We're so used to constant flux in smartphone market share that it's a surprise when things don't move. Yet that's what we're facing today. ComScore found that the US smartphone field in September was virtually unchanged from where it was in August, even down to smaller players like Symbian and Windows Phone. Accordingly, Android still ruled the roost at 52.5 percent, while 34.3 percent were iPhone adopters. It's difficult to say whether or not the iPhone 5 had a tangible impact -- while Apple had banner sales in the last several days of September, we don't know to what extent that was offset by people holding off from buying an iPhone 4S.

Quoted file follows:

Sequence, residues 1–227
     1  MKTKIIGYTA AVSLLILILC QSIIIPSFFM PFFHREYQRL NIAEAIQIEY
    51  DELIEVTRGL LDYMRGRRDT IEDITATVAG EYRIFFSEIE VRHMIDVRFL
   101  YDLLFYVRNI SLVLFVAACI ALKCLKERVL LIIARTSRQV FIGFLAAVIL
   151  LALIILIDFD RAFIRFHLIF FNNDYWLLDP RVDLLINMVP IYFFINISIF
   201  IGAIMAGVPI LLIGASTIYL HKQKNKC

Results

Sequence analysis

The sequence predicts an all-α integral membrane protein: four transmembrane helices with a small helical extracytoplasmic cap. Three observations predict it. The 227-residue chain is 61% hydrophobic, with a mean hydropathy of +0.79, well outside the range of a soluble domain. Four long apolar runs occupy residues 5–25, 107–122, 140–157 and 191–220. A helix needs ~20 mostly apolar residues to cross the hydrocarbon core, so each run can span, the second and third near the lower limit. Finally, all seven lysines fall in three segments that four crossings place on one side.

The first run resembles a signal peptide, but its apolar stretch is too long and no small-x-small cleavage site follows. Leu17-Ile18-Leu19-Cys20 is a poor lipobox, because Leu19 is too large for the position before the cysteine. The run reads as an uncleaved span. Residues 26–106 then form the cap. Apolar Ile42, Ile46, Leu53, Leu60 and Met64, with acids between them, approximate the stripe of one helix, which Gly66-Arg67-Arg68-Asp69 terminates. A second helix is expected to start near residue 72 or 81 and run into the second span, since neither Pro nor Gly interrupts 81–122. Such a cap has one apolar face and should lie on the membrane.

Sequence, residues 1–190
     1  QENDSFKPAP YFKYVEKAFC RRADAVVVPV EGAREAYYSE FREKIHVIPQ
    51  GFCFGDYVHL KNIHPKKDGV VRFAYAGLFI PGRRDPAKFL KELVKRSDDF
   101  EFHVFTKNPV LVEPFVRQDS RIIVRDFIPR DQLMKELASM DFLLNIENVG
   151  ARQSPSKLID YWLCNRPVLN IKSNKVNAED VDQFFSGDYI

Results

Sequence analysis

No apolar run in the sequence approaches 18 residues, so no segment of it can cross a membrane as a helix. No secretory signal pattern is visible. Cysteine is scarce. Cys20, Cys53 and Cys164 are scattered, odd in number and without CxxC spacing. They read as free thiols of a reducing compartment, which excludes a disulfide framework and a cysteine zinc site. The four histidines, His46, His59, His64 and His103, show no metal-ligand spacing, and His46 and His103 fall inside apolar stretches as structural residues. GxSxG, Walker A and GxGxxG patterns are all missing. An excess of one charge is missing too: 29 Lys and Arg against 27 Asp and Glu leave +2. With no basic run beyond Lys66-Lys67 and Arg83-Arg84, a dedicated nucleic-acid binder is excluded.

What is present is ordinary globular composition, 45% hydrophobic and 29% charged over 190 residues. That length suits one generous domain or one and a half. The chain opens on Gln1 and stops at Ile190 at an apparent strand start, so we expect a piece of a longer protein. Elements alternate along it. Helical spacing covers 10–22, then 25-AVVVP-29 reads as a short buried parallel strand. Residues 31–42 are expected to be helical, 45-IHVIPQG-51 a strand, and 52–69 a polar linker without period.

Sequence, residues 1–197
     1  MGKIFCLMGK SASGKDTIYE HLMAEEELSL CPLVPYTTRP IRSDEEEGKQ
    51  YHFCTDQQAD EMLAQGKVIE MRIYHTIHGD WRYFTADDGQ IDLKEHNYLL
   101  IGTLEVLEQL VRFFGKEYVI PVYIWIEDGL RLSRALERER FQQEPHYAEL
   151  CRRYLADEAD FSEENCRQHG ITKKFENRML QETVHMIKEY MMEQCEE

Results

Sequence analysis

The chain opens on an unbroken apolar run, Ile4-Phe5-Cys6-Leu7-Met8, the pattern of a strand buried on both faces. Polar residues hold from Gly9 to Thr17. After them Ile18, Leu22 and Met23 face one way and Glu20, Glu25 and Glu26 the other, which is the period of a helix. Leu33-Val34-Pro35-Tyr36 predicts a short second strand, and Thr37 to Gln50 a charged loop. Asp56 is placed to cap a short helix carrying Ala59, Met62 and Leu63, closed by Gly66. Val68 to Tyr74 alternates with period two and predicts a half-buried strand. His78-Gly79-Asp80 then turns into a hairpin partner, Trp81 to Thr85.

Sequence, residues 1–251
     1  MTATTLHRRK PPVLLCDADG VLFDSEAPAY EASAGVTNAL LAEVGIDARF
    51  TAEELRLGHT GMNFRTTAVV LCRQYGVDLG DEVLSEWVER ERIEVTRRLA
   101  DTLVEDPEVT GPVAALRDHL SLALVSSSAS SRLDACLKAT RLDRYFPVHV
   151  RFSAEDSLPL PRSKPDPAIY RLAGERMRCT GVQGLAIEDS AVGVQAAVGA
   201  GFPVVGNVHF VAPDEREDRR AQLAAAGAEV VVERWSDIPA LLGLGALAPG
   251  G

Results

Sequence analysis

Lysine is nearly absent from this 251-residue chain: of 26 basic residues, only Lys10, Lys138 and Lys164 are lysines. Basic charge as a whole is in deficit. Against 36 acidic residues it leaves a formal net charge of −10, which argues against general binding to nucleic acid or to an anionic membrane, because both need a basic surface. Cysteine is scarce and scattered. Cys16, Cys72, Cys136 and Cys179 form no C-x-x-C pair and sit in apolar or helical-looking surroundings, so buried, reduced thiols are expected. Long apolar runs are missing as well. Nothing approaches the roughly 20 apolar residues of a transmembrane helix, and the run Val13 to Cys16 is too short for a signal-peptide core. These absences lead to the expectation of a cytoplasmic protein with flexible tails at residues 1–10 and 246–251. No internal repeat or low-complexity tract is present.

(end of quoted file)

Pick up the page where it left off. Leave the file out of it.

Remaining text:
Overall cellphone sales showed some of that more reassuring give and take. The positions remained the same, but the US was once again a painful market to be in for anyone that isn't Apple or Samsung. Apple crept up to within a stone's throw of toppling LG at 17.5 percent to its rival's 17.7, while Samsung's successful shift to smartphones helped it keep exactly 26 percent of the mobile sphere. We're most curious to see how October shakes out: between a full month of iPhone 5 sales and the Droid RAZR HD, we may learn that the calmness of September was just a momentary illusion.